The company is eliminating the restrictions it imposed on Android device manufacturers, after a plea with the European Union
Google is in the process of eliminating a ban on smart device manufacturers with product lines that include tablets and phones that work with alternative versions of Android, as well as Google’s own applications and Play Store.
According to specialists in digital forensics from the International Institute of Cyber Security, Google will also allow to preinstall some of its services without having to include all its contents in devices’ factory settings. Currently, the company continues to appeal a fine of $4.3 billion USD relating with this prohibition.
The European Commission announced the fine last July, after ruling that the American company had been using Android to “cement a dominant position on the Internet illegitimately”.
Google announced the modifications of its policies on a blog a few hours ago. The company mentions that the new licensing agreements will enter into force on October 29 and apply to devices marketed in the European Economic Area (EEA), which includes Norway, Iceland and Liechtenstein, in addition to the member countries of the European Community.
So far, Google was forcing phone and tablet manufacturers to preinstall applications like Google Search and Chrome, if they wanted to install other apps like Youtube or Google Maps, as reported by experts in digital forensics.
Chrome and Search apps will no longer be included in all devices operating with Android; as a result, Google announced that manufacturers would pay new fees for installing the desired applications on their devices.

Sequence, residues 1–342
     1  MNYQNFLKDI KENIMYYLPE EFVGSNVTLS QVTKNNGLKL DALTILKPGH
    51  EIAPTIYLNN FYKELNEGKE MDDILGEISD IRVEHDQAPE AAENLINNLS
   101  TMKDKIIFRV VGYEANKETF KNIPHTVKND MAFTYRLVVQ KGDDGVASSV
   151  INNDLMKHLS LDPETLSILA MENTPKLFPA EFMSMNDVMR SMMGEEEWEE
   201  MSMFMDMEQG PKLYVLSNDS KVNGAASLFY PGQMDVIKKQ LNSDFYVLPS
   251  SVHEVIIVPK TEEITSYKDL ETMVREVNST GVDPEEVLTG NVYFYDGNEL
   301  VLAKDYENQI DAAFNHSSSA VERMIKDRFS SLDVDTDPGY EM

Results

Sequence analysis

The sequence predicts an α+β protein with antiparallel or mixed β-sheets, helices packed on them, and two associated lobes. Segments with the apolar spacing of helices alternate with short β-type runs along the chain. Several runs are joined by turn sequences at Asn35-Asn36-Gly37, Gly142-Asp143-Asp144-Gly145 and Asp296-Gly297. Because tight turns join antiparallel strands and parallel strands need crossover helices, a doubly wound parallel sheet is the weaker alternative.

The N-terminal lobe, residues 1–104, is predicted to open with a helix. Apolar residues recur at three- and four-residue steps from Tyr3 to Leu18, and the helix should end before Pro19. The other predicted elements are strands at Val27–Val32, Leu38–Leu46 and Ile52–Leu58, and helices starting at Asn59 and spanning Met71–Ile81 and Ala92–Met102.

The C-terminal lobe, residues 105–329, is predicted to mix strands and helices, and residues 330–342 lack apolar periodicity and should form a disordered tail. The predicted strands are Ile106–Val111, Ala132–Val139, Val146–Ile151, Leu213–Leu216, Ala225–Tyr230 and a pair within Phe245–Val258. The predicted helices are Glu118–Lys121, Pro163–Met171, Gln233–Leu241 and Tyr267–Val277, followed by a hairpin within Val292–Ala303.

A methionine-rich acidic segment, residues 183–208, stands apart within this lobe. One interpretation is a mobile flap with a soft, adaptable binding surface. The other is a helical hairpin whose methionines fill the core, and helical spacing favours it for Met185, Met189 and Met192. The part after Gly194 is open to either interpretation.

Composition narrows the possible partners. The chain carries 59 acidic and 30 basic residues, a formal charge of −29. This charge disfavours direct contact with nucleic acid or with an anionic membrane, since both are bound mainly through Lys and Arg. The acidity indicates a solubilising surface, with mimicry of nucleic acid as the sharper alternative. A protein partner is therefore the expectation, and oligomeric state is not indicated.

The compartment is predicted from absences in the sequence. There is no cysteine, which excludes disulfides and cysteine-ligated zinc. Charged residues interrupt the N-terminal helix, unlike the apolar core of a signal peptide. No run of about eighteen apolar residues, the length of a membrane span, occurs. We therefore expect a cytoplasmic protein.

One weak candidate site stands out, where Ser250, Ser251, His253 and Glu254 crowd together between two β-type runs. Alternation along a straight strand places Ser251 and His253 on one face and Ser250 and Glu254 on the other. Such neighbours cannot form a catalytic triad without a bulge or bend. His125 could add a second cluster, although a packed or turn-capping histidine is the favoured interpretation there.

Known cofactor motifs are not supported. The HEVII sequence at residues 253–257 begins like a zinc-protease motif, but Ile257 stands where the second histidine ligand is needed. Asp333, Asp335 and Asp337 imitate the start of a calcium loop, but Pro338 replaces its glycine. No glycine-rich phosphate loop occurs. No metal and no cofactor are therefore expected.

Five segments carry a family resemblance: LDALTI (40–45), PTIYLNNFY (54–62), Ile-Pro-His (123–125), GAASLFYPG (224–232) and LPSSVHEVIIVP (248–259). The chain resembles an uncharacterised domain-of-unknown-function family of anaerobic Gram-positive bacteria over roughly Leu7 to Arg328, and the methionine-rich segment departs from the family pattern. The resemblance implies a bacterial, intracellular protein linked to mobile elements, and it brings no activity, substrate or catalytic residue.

“Since the factory installation of Google Search and Chrome along with our other apps helped us finance the free development and distribution of Android, we will present a new payment license agreement for the smart devices marketed in EEA”, said Google executive Hiroshi Lockheimer. “Android will remain free and open source.”
The rise in new tariffs is not yet known, neither if consumers should expect a significant increase in device prices as a result.
EU Competition Commissioner Margrethe Vestager has suggested that Google’s restrictions prevented alternative versions of Android, including Amazon’s Fire operating system, from achieving greater market impact.
So far, many manufacturers had to adapt the user interface of their devices to the Android version in Google, adding skins without making any deeper changes in the code that could render incompatible any of their services.
According to specialists in digital forensics, this will favor the conditions for manufacturers of intelligent devices to experience more possibilities in their developments before launching them to the market.